Decongestants – Available as a pill, liquid, or nasal spray, these meds reduce swelling of blood vessels in your nose which helps to open airways. They should be used early enough to take effect by bedtime.  If used too long or often, you can run the risk of rebound congestion.

Combination cold medications –  Many meds for cold and flu symptoms such as Theraflu contain ingredients to help relieve nasal congestion.

Switch to a full-face CPAP mask – If you’re having a hard time using a nasal mask, you may want to try temporarily using a full-face mask.

CPAP with heated humidifier – Humidifying the air in your room can help calm irritated tissues in your nose and sinuses.  Most CPAP machines now can humidify and warm air, so ask your doctor about making adjustments when you are fighting a cold.  In fact, some people find that the warm moist air from their machine actually helps with nasal discomfort.

F) Dealing with headaches

Many people experience headaches as part of a head cold when symptoms are more focused around the head and facial area.

This happens when your immune system releases infection-fighting molecules known as cytokines which can lead to inflammation and headaches.  Headaches can also be caused from swelling and inflammation of the sinus cavities.

Some things to try:

Warm compress – Placing a warm compress or wash cloth on your forehead and nose can help relieve sinus pressure and other head cold symptoms.

Stay hydrated – Drink plenty of warm fluids, it can help clear out the mucus and drain nasal passages.

Decongestants – They help reduce swelling and congestion which can help with the pain and pressure in your sinuses and head.

Pain relievers – Acetaminophen-based meds such as Tylenol work against the area of your brain that receive pain signals.  Non-steroidal anti-inflammatory drugs (NSAIDs) work by reducing the amount a hormone involved with inflammation and pain. Common NSAID meds include aspirin, ibuprofen, and naproxen (Aleve).

G) Making adjustments to your CPAP therapy

So far, we’ve talked about things you can do to deal with cold and flu symptoms.

When fighting a bug, you should also consider making changes to your CPAP therapy:

Keep everything extra clean – Your mask and tubing can get dirty from snot and mucus, so be sure to clean your setup while sick and after you’re recovered.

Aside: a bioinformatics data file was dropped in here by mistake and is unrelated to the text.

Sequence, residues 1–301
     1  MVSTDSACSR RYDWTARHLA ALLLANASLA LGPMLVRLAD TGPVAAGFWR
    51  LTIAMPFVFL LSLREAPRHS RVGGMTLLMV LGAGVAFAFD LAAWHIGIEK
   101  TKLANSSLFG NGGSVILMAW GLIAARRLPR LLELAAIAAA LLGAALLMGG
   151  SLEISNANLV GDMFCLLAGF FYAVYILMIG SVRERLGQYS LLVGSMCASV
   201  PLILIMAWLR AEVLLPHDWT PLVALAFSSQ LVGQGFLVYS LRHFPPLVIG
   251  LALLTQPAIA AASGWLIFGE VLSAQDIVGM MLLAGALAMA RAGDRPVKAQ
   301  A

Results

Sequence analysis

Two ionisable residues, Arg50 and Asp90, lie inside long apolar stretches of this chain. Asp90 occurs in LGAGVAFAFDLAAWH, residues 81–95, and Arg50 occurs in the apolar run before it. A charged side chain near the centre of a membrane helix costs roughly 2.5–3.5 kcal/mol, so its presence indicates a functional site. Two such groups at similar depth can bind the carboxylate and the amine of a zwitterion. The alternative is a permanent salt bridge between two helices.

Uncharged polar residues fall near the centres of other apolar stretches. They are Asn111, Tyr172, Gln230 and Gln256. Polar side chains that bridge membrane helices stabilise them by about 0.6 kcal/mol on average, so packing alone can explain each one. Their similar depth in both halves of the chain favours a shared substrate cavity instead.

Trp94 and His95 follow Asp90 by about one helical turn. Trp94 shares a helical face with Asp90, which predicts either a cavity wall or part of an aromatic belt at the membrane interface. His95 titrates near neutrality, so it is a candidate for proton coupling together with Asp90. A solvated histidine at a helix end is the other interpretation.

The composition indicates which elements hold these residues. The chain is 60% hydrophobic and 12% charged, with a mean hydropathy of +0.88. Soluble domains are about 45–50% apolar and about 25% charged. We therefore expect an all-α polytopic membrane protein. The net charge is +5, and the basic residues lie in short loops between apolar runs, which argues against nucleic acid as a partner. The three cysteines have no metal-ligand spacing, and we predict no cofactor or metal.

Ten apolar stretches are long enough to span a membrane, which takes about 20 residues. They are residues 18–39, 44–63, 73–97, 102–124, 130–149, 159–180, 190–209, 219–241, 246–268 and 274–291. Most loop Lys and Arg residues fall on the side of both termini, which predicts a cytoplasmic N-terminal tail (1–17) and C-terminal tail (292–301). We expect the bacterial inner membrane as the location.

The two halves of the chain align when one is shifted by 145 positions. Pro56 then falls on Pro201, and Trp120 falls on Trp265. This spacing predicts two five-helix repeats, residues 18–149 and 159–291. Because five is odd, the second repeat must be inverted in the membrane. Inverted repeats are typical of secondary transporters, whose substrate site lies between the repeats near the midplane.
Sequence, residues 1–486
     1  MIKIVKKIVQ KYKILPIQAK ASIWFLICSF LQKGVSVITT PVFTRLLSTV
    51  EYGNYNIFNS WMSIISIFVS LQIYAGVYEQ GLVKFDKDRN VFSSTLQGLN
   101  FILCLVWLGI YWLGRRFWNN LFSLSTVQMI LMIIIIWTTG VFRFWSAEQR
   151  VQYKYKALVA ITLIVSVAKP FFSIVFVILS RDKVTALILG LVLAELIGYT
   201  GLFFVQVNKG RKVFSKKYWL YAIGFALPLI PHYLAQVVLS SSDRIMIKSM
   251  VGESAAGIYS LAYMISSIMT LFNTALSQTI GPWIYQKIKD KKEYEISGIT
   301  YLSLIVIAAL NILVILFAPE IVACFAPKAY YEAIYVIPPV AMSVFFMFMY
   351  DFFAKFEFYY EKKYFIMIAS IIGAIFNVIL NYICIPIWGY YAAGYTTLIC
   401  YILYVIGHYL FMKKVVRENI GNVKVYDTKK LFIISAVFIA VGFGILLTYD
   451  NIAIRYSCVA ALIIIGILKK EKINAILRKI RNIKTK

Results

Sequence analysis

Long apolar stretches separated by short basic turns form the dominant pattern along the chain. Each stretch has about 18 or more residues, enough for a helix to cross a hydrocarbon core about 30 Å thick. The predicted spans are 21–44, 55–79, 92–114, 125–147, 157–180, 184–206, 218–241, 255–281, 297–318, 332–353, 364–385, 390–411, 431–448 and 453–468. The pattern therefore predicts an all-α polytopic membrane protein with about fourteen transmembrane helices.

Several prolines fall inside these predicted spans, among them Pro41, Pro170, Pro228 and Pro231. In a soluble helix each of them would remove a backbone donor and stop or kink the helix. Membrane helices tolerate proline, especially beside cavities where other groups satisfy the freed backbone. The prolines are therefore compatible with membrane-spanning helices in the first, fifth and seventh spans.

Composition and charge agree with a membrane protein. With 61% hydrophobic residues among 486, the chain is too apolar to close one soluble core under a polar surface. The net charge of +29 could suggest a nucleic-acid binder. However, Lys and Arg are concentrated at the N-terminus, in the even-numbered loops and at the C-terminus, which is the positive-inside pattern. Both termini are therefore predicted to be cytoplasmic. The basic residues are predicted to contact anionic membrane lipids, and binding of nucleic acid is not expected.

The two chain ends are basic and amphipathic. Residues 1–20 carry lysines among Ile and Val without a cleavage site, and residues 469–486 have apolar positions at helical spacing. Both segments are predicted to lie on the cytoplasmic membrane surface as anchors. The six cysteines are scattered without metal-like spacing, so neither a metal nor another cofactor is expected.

Switch to full face mask – As mentioned earlier, you may want to give this a try if you’re having a hard time with the nasal mask

CPAP with heated humidifier – Ask your doctor if adjustments such as raising the temperature will help.  If your machine doesn’t have this feature, it’s probably time to make a switch.

Try a CPAP alternative – You may want to plan ahead for the cold and flu season in case things get really bad with your CPAP.  One option is to have an alternative on hand such as an oral appliance.  It might work better since it doesn’t require a clear nasal airway and doesn’t blow air.  Oral appliances may not work as well as CPAP for severe sleep apnea, but you’ll at least be able to get some sleep.

Take a break from CPAP – We’ve talked about how important quality sleep is for recovering, so check with your doctor to see if temporarily stopping CPAP makes sense for your situation.

H) Prevent a cold or the flu before it starts

To avoid complications with your CPAP therapy, your first plan of attack should be to avoid colds and the flu.

Why not keep it from happening in the first place?

Here are some things to do:

Get a flu shot – Discuss with your doctor the benefits an annual flu shot

Regular cleaning – Clean and disinfect touched surfaces at home when someone is ill

Wash your hands – CDC says that regular hand washes with soap and clean running water is one of the most important things you can do to avoid getting sick.  There’s a right way and time to do this, go here for some tips.

Stay away from people who are sick

Avoid touching your eyes, nose or mouth

Get regular rest – As mentioned earlier, sleep is important for keeping your immune system in fighting form.  Sleep experts recommend 7- 9 hours per night.

Eat well – Your body needs nutrients to stay strong and ward off infections, so make sure you’re eating healthy.

Avoid stress – Chronic stress is now known to affect the immune system.  To fight stress, get regular exercise and sleep.  You can also try relaxation exercises such as yoga, meditation, and deep breathing.

Exercise – Light to moderate physical activity is believed to help the immune system by increasing circulation, stimulating infection fighting antibodies and immune cells, raising body temperature, relieving stress, and improving overall general health.  Be sure not to overdo it.  (Learn more about the link between exercise and immunity here.)

Finally, if you get hit with a bug, be sure to get your cold or flu treated as soon as possible.

Do you know the early warning signs?


Fatigue, sore throat, runny nose, coughs and sneezes, watery eyes, headache


Fatigue, body aches and chills, cough, sore throat, ever

Do you know the early warning signs?


Fatigue, sore throat, runny nose, coughs and sneezes, watery eyes, headache


Fatigue, body aches and chills, cough, sore throat, ever

Do you know the early warning signs?


Fatigue, sore throat, runny nose, coughs and sneezes, watery eyes, headache


Fatigue, body aches and chills, cough, sore throat, ever

Summary:  CPAP, colds, and the flu

  • CPAP can make a cold worse, cold & flu symptoms can interfere with CPAP
  • Quality sleep is important for fighting a bug
  • There’s lots you can do for your symptoms so can continue with CPAP
  • Check with your doctor about making adjustments to your CPAP therapy
  • To avoid CPAP complications, try to prevent colds and the flu


1. Behaviorally Assessed Sleep and Susceptibility to the Common Cold, Sleep 2015, 38(9): 1353–1359.

2. Sleep Patterns Are Associated with Common Illness in Adolescents, J Sleep Res. 2014, 23(2): 133–142.

3. The impact of stress on body function: A review, EXCLI J. 2017, 16: 1057–1072.

4. “Show Me the Science – Why Wash Your Hands?”, CDC website.